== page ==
Technology companies taking curve-flattening exercises of late has resulted in me digging up my old 2017 talk about working as and working with remote employees. Though all of the advice in it holds up even these three years later, surprisingly little of it seemed all that relevant to the newly-working-from-home (WFH) multitudes.
Thinking about it, I reasoned that it’s because the talk (slides are here if you want ’em) is actually more about working on a distributed team than working from home. Though it contained the usual WFH gems of “have a commute”, “connect with people”, “overcommunicate”, etc etc (things that others have explained much better than I ever will); it also spent a significant amount of its time talking about things that are only relevant if your team isn’t working in the same place.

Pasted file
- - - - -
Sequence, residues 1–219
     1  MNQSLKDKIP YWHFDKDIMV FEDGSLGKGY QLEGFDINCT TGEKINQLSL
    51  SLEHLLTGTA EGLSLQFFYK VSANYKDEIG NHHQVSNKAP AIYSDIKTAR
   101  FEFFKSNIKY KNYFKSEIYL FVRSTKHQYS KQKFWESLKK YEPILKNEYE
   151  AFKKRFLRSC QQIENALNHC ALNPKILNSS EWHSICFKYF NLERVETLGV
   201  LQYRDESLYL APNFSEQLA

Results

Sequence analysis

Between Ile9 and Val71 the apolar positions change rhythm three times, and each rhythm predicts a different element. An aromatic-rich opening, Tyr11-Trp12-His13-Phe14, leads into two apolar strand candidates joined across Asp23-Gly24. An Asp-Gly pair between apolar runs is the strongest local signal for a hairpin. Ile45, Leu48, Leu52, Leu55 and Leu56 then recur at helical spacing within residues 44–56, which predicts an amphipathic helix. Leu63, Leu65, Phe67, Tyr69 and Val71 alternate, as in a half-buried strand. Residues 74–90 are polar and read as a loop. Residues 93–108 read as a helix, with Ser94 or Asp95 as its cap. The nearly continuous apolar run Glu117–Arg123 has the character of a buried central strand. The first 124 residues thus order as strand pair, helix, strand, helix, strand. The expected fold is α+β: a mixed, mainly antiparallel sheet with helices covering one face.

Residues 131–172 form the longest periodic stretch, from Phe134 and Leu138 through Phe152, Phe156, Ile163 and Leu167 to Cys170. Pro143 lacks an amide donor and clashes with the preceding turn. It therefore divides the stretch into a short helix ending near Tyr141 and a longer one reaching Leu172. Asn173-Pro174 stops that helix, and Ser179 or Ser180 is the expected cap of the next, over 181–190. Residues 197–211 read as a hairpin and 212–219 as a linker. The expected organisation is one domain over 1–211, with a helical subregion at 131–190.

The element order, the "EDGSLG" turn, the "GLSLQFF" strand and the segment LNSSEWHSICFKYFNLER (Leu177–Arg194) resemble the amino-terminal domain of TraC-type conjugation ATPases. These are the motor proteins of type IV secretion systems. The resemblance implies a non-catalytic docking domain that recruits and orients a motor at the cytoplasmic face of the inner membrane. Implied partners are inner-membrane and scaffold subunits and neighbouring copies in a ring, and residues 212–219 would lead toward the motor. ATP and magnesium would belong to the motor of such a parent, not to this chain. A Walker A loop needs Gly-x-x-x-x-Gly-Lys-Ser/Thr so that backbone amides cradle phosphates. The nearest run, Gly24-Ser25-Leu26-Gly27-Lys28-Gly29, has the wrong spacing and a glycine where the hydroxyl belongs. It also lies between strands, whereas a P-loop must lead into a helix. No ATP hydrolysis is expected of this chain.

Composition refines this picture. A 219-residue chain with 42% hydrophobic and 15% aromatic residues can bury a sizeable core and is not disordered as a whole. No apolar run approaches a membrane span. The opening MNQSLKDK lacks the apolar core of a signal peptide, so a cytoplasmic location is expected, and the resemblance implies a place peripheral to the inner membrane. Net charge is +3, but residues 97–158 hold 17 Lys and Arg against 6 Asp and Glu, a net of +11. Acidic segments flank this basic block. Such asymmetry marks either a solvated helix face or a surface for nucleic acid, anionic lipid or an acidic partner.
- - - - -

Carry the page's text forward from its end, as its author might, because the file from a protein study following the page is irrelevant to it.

Aspects of distributed work that are unique not to my not being in the office but my being on a distributed team are things like timezones, cultural differences, personal schedules, presentation, watercooler chats, identity… things that you don’t have to think about or spend effort on if you work in the same place (and, not coincidentally, things I’ve written about in the past). If we’re all in Toronto you know not only that 12cm of snow fell since last night but also what that does to the city in the morning. If we’re all in Italy you know not to schedule any work in August. If we see each other all the time then I can use a picture I took of a glacier in Iceland for my avatar instead of using it as a rare opportunity to be able to show you my face.
So as much as I was hoping that all this sudden interest in WFH was going to result in a sea change in how working on a distributed team is viewed and operates, I’m coming to the conclusion that things probably will not change. Maybe we’ll get some better tools… but none that know anything about being on a distributed team (like how “working hours” aren’t always contiguous (looking at you, Google Calendar)).
At least maybe people will stop making the same seven jokes about how WFH means you’re not actually working.